Bullrushes dance in the breeze, their long slender stems swaying so elegantly. The tall white cliffs contrast against the lush green forest and the clear, cool water that looks so inviting. The bird song is beautiful and again we are able to pick wild blackberries along the way.

And just when we are starting to feel hungry, thinking we must turn around and go back to get some lunch, we pass some people who tell us that Floating Rock Cafe is at the end of the track.

Perfect.

Set amid a small vineyard, the alfresco lunch is so good. Normally they serve wood fired pizzas but as it is a public holiday, they only have the snack menu available. Disappointing as I love a good wood fired pizza, but in the end, our big selection of snack food that we order for the table is all we need. We sit, eating, chatting and enjoying our surroundings.

Although we are doing a walk alongside the river, we didn’t come across anywhere suitable for a swim so once we get back to the car, we drive 1 minute down the road to arrive at a lovely little bay (sandy this time, thank goodness!) There are lots of people in kayaks, I have been wanting to do this all weekend. After making an inquiry with a kayaker, we find out they are for hire nearby. So Dad and I are straight down there and pick up a kayak and a paddleboard.

The paddleboard was probably the wrong decision for today, its a bit choppy out on the lake making the board rather unstable. I manage to paddle it up the lake to where the rest of the family are and then need a break – it was hard work! Later I get a go in the kayak and it is so much easier! They handle the waves a lot better! We spend a bit over an hour at the bay, swimming, kayaking, paddleboarding and enjoying the sun. The river feeding into the lake is quite calm and it is much easier to paddleboard there.

While heading back to the rental place a wave catches the board and tips me in. Unfortunately the waves have been pushing me closer and closer to shore so when I fall in, there is only a foot of water below me and I manage to scratch up my leg. I was filming on my gopro at the time –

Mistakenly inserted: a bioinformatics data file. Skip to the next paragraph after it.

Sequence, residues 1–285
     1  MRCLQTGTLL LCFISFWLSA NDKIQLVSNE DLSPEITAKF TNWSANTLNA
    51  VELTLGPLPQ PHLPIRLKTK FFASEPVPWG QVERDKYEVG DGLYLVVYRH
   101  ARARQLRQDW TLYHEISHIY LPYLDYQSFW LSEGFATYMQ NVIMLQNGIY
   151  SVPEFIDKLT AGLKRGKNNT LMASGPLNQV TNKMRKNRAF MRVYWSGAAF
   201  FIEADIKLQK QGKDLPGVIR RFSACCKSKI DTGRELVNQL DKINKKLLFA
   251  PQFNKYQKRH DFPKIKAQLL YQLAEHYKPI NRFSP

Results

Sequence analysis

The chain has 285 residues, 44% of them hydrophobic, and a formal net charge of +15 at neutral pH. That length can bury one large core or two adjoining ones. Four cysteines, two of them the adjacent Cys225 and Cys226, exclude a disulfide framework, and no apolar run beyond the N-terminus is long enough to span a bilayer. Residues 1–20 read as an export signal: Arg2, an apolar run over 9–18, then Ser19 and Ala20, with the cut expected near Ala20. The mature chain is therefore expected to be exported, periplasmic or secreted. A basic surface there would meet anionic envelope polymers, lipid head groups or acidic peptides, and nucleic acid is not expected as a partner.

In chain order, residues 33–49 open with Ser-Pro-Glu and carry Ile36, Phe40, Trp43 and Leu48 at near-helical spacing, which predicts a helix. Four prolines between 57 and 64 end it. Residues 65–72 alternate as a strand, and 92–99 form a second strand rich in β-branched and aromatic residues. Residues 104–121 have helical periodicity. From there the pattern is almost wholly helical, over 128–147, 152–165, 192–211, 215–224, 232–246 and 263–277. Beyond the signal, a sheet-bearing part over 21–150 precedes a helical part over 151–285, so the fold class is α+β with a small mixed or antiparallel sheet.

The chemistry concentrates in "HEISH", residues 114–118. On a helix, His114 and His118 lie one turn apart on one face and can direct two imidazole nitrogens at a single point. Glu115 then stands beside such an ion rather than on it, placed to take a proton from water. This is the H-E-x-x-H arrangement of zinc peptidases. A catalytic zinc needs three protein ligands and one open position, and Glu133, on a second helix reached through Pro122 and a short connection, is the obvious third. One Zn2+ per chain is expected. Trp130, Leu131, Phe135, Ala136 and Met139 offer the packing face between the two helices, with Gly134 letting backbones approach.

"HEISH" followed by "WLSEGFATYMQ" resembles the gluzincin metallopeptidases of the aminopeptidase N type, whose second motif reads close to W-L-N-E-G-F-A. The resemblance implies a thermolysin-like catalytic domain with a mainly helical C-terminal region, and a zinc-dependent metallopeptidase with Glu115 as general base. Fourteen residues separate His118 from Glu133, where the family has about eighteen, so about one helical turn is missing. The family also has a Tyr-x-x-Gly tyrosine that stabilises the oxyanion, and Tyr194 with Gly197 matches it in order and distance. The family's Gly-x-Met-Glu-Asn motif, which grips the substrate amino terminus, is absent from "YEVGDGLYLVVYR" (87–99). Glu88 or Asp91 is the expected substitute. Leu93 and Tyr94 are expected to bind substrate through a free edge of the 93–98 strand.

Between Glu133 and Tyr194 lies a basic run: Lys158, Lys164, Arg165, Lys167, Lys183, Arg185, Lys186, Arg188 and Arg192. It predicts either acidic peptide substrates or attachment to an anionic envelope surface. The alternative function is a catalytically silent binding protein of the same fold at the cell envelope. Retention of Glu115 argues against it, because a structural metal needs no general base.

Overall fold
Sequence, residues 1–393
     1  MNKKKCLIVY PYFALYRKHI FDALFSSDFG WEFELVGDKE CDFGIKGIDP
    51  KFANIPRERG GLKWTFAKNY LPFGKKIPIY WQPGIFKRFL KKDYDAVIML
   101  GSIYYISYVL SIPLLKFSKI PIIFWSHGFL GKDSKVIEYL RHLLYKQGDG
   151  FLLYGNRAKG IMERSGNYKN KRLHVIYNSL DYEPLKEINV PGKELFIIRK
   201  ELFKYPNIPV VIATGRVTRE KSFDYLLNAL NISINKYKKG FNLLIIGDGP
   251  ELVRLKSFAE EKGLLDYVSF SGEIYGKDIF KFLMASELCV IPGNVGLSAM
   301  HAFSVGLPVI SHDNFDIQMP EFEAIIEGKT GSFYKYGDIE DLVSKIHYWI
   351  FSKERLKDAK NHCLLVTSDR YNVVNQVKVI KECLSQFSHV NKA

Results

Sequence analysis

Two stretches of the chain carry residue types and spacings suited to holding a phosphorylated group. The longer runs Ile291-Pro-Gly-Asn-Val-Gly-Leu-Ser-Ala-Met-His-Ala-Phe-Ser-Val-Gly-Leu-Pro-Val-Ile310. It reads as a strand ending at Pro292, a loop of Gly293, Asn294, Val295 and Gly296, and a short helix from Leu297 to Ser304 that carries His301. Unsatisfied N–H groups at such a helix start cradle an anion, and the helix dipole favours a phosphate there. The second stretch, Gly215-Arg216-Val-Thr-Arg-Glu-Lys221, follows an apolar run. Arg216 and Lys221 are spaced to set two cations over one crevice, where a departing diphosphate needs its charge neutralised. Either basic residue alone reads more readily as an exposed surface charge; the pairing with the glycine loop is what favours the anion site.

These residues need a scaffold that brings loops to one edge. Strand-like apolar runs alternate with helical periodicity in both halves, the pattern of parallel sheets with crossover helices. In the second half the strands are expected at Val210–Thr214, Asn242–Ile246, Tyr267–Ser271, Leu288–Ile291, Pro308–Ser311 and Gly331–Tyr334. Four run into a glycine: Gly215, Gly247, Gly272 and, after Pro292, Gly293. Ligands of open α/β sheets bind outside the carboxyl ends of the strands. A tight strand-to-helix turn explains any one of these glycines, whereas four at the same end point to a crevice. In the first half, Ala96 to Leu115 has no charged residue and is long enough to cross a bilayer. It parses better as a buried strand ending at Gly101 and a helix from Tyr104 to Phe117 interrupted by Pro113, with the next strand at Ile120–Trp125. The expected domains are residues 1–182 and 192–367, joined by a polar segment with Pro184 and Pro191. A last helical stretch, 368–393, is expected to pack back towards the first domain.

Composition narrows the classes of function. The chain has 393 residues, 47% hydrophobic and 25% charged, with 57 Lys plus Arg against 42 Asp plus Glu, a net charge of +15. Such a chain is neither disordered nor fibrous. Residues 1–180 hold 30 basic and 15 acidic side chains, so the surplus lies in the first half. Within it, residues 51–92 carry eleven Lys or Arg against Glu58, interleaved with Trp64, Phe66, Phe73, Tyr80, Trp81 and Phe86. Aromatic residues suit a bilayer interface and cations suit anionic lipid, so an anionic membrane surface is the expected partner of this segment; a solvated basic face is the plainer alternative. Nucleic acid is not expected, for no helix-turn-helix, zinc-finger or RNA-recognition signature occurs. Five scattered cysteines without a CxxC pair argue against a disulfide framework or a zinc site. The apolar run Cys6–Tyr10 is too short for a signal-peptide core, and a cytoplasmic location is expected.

This has been such an amazing few days. The weather has been perfect, the location has been perfect, it’s been a real summer holiday. If you love to be busy, enjoy shopping, and lots of attractions, then Taupo center is probably the place for you. If on the other hand, you want to experience quiet, peaceful bays, surrounded by trees, where the way of life is slow paced and relaxed, head to Pukawa or Kuratau or Hatepe or Omori. These places are little gems waiting to be discovered. And once you have found them, you wont ever want to leave.

2021!

I don’t know about you, but I have been enjoying dreaming up all the places I want to see this year, adventures I want to go on and experiences I want to have. There is so much to see and do here and everyday I am so grateful that I get to call this place home.

I am very fortunate to work for a company that gives us 6 weeks of annual leave, but even with all those days, I think I might be pushing it to do all these things. (And I am sure the credit card will have something to say about it too!)

So, without further ado, here are my travel ambitions for this year:

Explore the West Coast of the South Island. Its a pretty rugged place. Untamed, natural and gorgeous. Mirror lakes, glaciers and rainforest. Its also the wettest place in New Zealand. We drove through the West Coast about 8 years ago when we explored the South Island on our Motorbike. It rained the whole time we were there. When driving through Arthur’s Pass, we reached the sign that said ‘Welcome to the West Coast’ and right on cue, it began to rain. The itinerary is planned, our leave is organised and the pet sitters are locked in, I just need to actually book it all! This time I am hoping we will get to experience some sunshine. I have some pretty awesome activities planned out for this one. And of course, we will be on a Motorbike!

Wine! Last year we made a trip to Martinborough and cycled around the vineyards. We are only an hours drive away from here and I am super keen to do this again. However, this time, I want to pre-plan it (more so than last time) so we can visit the boutique vineyards that are only open for tastings by appointment. I am really interested to see what some of these vineyards have on offer and to hear their stories.